SAP Global Survey: Simon Griffiths of South Africa

August 11, 2007 · 4 comments in Miscellaneous

simon griffiths

This interview with South Africa’s Simon Griffiths takes the SAP Global Survey to its fourth continent, one where lagging broadband adoption makes social media adoption unlikely in the short term. But Simon, a veteran enterprise consultant for more than 25 years sees change being spawned by younger South Africans and he has some interesting comments and suggestions for the sponsor of this survey.

1. Like many readers, I am fairly ignorant of what’s going on in South  Africa regarding technology. Can you paint a few broad strokes on how many  people are using computers and the Internet relevant to the total population? What segments of the population have Internet access? Are  broadband and wifi available and at what cost?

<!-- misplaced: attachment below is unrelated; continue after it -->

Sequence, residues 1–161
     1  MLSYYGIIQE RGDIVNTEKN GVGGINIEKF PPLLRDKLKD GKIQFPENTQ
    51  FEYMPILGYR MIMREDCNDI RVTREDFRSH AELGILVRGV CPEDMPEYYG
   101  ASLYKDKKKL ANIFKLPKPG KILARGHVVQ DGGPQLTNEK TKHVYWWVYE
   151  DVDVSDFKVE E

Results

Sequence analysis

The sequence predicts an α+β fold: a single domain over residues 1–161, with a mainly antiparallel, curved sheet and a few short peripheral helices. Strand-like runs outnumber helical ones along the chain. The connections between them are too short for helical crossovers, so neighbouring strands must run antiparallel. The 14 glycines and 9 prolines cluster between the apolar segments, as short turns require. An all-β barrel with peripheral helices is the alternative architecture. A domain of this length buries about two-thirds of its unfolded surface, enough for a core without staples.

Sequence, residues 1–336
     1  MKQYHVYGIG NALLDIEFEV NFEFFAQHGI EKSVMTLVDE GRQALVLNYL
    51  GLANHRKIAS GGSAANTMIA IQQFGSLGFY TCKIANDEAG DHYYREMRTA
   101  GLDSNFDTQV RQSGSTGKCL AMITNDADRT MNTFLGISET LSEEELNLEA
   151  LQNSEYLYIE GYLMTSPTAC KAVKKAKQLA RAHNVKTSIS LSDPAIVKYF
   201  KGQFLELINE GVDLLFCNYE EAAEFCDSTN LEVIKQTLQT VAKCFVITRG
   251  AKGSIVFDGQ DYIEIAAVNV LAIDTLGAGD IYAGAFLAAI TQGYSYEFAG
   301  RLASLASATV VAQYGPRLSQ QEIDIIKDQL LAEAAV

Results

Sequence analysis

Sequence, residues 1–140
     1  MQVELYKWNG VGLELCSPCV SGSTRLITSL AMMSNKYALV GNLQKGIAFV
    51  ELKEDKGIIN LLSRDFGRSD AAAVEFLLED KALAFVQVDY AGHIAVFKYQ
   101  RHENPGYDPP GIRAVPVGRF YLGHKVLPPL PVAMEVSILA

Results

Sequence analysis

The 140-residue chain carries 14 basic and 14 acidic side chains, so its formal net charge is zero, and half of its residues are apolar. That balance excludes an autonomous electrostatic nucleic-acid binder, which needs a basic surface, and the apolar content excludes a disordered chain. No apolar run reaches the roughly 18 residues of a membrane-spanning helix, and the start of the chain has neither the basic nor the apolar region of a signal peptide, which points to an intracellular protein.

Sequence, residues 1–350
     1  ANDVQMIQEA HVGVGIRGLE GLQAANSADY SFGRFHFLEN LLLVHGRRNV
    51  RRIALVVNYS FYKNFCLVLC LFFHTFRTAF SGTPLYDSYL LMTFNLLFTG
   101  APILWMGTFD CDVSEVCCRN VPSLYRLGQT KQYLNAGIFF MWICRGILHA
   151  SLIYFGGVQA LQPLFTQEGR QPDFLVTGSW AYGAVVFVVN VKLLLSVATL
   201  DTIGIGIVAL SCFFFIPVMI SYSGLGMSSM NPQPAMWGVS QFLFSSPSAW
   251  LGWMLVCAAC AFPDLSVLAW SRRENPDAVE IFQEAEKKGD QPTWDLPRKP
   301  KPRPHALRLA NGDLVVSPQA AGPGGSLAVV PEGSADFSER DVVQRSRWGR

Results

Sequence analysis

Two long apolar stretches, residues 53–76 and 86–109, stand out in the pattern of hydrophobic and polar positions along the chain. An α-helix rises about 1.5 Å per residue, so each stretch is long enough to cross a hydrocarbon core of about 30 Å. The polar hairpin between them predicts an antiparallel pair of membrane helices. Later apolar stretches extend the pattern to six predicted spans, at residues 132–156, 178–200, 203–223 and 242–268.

According to a recent survey,  there are about 4 million South Africans who have access to the internet, out of a population of about 45 million; the growth rate is about  3 percent. Broadband is now taking off, but only about 25% of Internet users have broadband access. Wifi is established in pockets only – among business, in certain shops and restaurants as well as airports, but has only been implemented as a public service in the town of Knysna.

The cost of internet access is regarded as very high, in comparison to other countries at a similar stage of development, due to the continuing influence of the government-owned telco monopoly, Telkom SA Ltd. Despite the introduction of second fixed line operator, competition in the telco and Internet space remains restricted despite the huge